The Swim 2017!
Thursday, August 3rd
Wendy Van de Poll and her team of swimmers will swim the seven-mile length of Squam Lake to raise money for the Squam Lake Loon Initiative. All contributions are tax deductible and support the Loon Preservation Committee!
Between the fall of 2004 and the spring of 2005, Squam Lake lost seven of its loon pairs. This decline, from 16 to 9 pairs, represented 44% of Squam’s loon population, a drop unprecedented on Squam or any other large lake in the Loon Preservation Committee (LPC)’s 40-year history of monitoring loons. It also brought Squam’s loon population to its lowest level since LPC began to survey the lake in 1975. The decline was followed by an almost complete reproductive failure of the remaining loon population – only one loon chick was fledged from the lake in 2007, and the lake has averaged only two surviving chicks since 2008. The Loon Preservation Committee has been investigating possible causes of these declines to reverse these troubling population trends on Squam. Our efforts have included:
- testing inviable loon eggs collected from failed loon nests, blood and feather samples, and any dead loons we find, for a wide range of contaminants and pathogens;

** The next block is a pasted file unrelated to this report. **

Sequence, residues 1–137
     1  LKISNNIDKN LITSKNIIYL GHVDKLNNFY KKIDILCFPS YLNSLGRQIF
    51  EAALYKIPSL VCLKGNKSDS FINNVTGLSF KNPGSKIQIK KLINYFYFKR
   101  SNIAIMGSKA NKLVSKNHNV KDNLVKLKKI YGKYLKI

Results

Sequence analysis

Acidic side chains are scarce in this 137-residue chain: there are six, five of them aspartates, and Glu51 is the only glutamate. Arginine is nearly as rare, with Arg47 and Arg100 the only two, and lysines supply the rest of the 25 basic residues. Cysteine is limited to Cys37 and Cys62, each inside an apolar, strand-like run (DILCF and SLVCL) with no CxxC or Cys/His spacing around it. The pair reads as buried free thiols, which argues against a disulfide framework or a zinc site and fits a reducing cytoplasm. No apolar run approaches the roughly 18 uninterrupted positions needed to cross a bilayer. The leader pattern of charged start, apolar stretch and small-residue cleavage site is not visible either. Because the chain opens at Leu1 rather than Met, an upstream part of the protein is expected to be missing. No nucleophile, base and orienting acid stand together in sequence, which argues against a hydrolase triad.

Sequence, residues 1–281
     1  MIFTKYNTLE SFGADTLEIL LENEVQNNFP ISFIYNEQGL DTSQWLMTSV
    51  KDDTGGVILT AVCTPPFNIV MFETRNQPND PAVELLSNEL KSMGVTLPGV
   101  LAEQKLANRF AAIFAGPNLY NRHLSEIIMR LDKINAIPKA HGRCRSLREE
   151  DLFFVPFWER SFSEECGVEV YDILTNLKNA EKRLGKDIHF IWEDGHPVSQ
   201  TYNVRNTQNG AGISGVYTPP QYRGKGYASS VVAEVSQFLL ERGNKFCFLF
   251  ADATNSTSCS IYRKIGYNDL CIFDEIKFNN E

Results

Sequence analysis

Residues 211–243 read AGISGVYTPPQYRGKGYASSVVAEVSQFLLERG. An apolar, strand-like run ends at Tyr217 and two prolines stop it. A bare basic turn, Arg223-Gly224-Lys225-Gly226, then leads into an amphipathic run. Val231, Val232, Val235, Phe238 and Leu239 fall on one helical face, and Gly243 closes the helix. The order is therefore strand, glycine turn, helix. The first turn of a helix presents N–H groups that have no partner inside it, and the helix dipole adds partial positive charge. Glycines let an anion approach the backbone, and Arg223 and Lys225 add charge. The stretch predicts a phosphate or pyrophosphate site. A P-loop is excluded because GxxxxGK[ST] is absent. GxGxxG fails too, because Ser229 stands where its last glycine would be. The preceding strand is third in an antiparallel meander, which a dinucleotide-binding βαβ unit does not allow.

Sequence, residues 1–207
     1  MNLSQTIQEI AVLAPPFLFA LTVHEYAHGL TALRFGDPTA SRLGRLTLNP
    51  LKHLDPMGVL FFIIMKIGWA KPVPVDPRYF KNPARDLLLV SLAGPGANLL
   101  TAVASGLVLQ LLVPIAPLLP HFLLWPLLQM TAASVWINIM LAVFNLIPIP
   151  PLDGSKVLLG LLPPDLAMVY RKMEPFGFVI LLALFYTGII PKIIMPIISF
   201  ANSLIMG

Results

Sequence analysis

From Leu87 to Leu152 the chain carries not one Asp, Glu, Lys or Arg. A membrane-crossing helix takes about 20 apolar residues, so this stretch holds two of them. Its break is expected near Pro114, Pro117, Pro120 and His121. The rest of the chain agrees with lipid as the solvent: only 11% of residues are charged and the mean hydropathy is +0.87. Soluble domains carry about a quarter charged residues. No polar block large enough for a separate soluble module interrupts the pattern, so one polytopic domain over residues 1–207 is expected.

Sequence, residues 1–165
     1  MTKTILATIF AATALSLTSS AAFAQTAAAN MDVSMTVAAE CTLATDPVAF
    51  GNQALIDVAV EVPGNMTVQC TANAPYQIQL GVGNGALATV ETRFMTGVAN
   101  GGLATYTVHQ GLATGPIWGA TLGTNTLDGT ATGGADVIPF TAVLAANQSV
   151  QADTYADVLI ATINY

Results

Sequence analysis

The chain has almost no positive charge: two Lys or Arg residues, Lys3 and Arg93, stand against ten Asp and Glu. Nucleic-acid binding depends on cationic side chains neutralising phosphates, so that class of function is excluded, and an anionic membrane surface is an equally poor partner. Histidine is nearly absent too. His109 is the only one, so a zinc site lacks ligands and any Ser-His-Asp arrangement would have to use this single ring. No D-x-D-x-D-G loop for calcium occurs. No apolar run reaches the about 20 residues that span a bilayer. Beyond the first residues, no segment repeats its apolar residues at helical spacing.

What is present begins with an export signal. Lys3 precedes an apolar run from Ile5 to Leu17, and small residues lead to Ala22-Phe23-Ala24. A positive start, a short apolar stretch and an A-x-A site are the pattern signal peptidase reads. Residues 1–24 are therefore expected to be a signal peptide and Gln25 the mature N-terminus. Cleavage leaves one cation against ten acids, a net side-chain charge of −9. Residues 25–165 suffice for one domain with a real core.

- LPC’s research has identified high levels of chemical contaminants including flame retardants, stain repellants, PCB’s, and insecticides like DDT in Squam’s loon eggs.
- testing crayfish and sediment samples in an effort to identify possible sources of the contaminants found in Squam’s loon eggs;
- banding loons to track the survival, breeding success and wintering locations of individuals;
- analyzing the effects of a wide range of other factors on loon survival and breeding success, including fish populations, predator populations, recreational use of lakes (including the effects of high levels of lead fishing tackle mortality on Squam’s loon population), precipitation events, and temperature extremes; and,
- intensive management on Squam, including the use of ropes and signs around nesting loons, nesting rafts, and covers on rafts to protect eggs from avian predators.
These efforts are expensive – LPC’s testing of loon samples is the most comprehensive ever undertaken, and it costs LPC over $3,000 to test a single loon egg. You can help support LPC’s work to safeguard loons on Squam Lake.
For more information on LPC’s Squam Lake Loon Initiative, click here.
Click here to purchase a "Squim Cap" and support Wendy and her team of swimmers.